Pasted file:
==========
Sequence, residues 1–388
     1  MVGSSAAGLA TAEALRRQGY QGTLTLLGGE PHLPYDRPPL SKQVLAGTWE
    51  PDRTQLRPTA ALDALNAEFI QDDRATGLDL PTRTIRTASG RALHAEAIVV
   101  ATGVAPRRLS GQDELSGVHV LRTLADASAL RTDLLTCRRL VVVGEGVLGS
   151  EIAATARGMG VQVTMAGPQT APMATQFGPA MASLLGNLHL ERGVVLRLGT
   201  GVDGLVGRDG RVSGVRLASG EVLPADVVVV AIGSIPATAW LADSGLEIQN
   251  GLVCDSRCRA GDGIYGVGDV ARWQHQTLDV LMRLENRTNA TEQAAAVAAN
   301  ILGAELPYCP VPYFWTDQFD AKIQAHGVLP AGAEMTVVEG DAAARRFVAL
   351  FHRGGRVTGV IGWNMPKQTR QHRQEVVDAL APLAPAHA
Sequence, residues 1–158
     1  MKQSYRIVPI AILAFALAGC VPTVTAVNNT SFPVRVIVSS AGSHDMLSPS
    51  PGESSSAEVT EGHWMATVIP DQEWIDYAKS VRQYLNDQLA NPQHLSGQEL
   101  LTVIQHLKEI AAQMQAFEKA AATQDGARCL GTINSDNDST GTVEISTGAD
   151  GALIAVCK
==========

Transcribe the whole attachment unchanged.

Sequence, residues 1–388
     1  MVGSSAAGLA TAEALRRQGY QGTLTLLGGE PHLPYDRPPL SKQVLAGTWE
    51  PDRTQLRPTA ALDALNAEFI QDDRATGLDL PTRTIRTASG RALHAEAIVV
   101  ATGVAPRRLS GQDELSGVHV LRTLADASAL RTDLLTCRRL VVVGEGVLGS
   151  EIAATARGMG VQVTMAGPQT APMATQFGPA MASLLGNLHL ERGVVLRLGT
   201  GVDGLVGRDG RVSGVRLASG EVLPADVVVV AIGSIPATAW LADSGLEIQN
   251  GLVCDSRCRA GDGIYGVGDV ARWQHQTLDV LMRLENRTNA TEQAAAVAAN
   301  ILGAELPYCP VPYFWTDQFD AKIQAHGVLP AGAEMTVVEG DAAARRFVAL
   351  FHRGGRVTGV IGWNMPKQTR QHRQEVVDAL APLAPAHA
Sequence, residues 1–158
     1  MKQSYRIVPI AILAFALAGC VPTVTAVNNT SFPVRVIVSS AGSHDMLSPS
    51  PGESSSAEVT EGHWMATVIP DQEWIDYAKS VRQYLNDQLA NPQHLSGQEL
   101  LTVIQHLKEI AAQMQAFEKA AATQDGARCL GTINSDNDST GTVEISTGAD
   151  GALIAVCK